Opposition puts rail safety at passive rail crossings on agenda

The Opposition has welcomed the Minister for Transport’s agreement to investigate improving the safety of passive rail crossings in regional WA, following campaigning by rural families.
Leader of the Opposition Mia Davies moved a motion in Parliament this week calling on the State Government to invest in initiatives to increase safety at passive rail crossings in WA.
Ms Davies told Parliament that for over 20 years, four Wheatbelt families have mourned the loss of their loved ones after horrific accidents at passive rail crossings.
“Drugs, alcohol or speed were not factors in the crashes that claimed the young lives of Christian Jensen, Jess Broad, Hillary Smith, or Amanda Dempster, their deaths were entirely preventable,” Ms Davies said.
“They simply did not see the train, and there was no warning or signage to alert them a train was on its way – but this can and should be changed.
“It’s time we acted to ensure no other families have to experience the same loss and grief.”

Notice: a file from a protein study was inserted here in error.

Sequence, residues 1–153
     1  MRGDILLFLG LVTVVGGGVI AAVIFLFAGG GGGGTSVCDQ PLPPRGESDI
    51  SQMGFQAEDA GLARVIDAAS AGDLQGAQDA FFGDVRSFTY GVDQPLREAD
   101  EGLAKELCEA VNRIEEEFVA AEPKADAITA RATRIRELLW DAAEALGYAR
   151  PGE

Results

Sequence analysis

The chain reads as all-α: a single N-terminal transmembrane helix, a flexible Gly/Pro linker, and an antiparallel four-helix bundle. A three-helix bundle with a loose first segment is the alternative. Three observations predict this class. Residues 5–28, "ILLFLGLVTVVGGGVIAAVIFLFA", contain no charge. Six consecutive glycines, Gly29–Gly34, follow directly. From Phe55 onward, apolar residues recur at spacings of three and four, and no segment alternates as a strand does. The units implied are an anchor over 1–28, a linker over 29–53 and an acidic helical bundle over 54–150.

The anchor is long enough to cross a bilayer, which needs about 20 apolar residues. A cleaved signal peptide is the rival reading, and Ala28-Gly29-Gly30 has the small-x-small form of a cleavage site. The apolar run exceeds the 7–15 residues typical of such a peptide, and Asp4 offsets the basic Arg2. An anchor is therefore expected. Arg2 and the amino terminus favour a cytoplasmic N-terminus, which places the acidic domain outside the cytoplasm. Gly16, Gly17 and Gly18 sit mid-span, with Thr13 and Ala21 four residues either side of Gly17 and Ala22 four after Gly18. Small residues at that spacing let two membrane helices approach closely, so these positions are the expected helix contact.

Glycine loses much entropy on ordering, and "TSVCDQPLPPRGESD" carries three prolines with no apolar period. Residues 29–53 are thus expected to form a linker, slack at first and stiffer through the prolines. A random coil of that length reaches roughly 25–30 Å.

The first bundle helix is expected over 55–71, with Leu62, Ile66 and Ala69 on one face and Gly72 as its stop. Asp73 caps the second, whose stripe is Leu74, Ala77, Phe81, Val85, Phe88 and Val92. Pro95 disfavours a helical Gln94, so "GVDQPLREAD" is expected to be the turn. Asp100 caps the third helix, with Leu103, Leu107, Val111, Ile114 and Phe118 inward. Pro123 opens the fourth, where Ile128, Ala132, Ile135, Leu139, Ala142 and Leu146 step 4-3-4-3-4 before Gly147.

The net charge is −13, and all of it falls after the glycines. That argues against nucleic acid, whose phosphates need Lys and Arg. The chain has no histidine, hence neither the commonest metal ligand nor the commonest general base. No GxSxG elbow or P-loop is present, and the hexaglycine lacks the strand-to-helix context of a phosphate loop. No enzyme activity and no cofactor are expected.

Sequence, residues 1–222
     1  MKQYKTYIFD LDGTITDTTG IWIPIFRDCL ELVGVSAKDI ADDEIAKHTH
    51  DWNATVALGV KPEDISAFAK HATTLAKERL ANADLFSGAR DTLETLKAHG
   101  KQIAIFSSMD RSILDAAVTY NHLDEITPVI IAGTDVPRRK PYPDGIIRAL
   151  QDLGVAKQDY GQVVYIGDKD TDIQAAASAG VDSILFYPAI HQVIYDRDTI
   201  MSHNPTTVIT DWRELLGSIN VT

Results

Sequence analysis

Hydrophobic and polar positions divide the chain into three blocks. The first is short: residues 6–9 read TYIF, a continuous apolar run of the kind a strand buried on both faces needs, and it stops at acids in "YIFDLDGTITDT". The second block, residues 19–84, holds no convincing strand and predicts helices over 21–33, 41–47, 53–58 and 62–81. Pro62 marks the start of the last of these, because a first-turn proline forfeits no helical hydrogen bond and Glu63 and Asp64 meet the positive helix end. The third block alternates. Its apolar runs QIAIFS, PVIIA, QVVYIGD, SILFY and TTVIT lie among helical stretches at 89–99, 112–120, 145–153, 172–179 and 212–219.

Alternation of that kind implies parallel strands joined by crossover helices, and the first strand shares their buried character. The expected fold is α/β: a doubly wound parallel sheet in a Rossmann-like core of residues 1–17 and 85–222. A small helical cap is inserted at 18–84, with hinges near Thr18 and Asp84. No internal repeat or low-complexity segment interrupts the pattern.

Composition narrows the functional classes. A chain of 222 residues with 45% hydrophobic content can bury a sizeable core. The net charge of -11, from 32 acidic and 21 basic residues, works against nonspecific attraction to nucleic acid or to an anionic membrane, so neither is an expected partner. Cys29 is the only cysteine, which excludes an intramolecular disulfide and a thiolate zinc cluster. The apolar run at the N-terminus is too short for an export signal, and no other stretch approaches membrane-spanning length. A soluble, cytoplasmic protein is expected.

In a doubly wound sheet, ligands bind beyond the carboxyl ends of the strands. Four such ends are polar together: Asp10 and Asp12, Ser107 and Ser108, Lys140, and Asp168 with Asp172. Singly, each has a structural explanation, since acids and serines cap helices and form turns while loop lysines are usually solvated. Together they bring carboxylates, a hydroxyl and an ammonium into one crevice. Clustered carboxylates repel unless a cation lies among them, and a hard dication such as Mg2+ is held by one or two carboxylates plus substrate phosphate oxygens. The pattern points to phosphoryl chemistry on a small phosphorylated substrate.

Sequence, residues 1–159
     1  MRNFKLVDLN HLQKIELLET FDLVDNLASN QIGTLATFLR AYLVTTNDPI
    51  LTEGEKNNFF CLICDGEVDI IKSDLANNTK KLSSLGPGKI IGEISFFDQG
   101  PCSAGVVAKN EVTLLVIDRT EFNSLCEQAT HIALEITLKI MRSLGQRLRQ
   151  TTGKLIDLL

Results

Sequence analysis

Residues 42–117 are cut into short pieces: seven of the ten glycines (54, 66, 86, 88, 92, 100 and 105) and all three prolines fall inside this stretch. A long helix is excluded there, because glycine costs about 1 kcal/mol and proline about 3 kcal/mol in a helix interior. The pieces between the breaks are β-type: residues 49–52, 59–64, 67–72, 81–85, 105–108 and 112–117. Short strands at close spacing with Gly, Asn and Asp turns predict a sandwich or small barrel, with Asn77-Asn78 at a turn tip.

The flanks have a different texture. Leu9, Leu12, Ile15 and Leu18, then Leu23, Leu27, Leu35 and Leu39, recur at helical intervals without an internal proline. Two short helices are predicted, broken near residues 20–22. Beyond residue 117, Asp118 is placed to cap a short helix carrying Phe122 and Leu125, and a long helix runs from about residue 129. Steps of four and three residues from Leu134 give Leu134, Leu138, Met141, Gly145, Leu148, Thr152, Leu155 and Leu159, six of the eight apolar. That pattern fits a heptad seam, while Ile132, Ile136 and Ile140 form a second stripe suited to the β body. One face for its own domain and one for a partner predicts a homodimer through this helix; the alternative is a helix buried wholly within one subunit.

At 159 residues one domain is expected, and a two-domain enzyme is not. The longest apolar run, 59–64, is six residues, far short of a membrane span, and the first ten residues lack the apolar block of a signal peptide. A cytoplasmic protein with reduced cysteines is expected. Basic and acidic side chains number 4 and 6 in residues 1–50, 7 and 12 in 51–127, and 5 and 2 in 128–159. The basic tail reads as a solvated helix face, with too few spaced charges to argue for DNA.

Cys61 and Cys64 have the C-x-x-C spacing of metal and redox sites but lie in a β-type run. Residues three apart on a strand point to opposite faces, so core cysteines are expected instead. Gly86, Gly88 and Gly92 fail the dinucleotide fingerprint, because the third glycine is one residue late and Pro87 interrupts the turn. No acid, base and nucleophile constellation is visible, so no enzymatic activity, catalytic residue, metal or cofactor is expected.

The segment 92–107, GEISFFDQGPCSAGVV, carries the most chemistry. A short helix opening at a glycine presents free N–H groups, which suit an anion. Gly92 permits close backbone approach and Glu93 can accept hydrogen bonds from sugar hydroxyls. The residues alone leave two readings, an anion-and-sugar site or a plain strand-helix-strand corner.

Ms Davies said the request from the families was simple and could be achieved with co-operation between industry, State and Federal Government.
“They’ve asked for the installation of flashing lights on the front of trains and LED lights on the side of carriages, the provision of ultra-high frequency radio communication for train drivers to alert nearby trucks to danger, and the installation of solar-powered flashing red lights at passive level crossings,” she said.
Ms Davies said she was heartened the Minister for Transport recognised the importance of this issue and pledged to investigate the grieving families’ three requests to improve passive rail crossings at a State Government level.
“I thank the Minister for Transport for taking the issue on and agreeing to investigate how the State could support the request from the families,” she said.
“In a perfect world, there would be co-operation between the State and Commonwealth to make changes to the regulatory regime to ensure lighting is required on trains and carriages, and funds to upgrade warning lights at the crossings.
“We do not live in a perfect world, but this is the perfect opportunity to ensure no-one else has to experience the grief felt by these families over the past two decades.”
Shadow Transport Minister Shane Love said Labor’s acceptance that change needs to occur was another step forward in implementing vital safety changes at rail crossings in WA.
“I met with the families at the Yarramony rail crossing earlier this year and since then, we committed to working with them to make the case for change,” Mr Love said.
“This acknowledgement by the Minister for Transport that improvements must be made has been another positive move towards creating safer rail crossings across regional WA.”